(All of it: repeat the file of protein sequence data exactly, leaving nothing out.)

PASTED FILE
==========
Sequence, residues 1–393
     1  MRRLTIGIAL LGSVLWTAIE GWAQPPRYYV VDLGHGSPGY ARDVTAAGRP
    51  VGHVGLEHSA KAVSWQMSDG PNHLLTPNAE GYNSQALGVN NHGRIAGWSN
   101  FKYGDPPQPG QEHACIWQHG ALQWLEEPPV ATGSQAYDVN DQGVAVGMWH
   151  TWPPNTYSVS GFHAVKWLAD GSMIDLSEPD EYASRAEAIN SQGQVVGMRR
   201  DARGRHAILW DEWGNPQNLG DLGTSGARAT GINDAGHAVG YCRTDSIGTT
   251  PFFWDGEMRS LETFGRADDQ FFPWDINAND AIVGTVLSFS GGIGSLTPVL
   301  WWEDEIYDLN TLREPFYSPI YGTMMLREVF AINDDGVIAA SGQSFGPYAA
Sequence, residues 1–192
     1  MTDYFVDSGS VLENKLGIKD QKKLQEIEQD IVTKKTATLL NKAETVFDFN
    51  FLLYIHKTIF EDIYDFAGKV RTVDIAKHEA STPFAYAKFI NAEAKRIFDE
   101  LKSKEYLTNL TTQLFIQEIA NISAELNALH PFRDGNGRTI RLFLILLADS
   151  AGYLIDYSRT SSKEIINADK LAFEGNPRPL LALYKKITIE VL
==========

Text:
Sequence, residues 1–393
     1  MRRLTIGIAL LGSVLWTAIE GWAQPPRYYV VDLGHGSPGY ARDVTAAGRP
    51  VGHVGLEHSA KAVSWQMSDG PNHLLTPNAE GYNSQALGVN NHGRIAGWSN
   101  FKYGDPPQPG QEHACIWQHG ALQWLEEPPV ATGSQAYDVN DQGVAVGMWH
   151  TWPPNTYSVS GFHAVKWLAD GSMIDLSEPD EYASRAEAIN SQGQVVGMRR
   201  DARGRHAILW DEWGNPQNLG DLGTSGARAT GINDAGHAVG YCRTDSIGTT
   251  PFFWDGEMRS LETFGRADDQ FFPWDINAND AIVGTVLSFS GGIGSLTPVL
   301  WWEDEIYDLN TLREPFYSPI YGTMMLREVF AINDDGVIAA SGQSFGPYAA
Sequence, residues 1–192
     1  MTDYFVDSGS VLENKLGIKD QKKLQEIEQD IVTKKTATLL NKAETVFDFN
    51  FLLYIHKTIF EDIYDFAGKV RTVDIAKHEA STPFAYAKFI NAEAKRIFDE
   101  LKSKEYLTNL TTQLFIQEIA NISAELNALH PFRDGNGRTI RLFLILLADS
   151  AGYLIDYSRT SSKEIINADK LAFEGNPRPL LALYKKITIE VL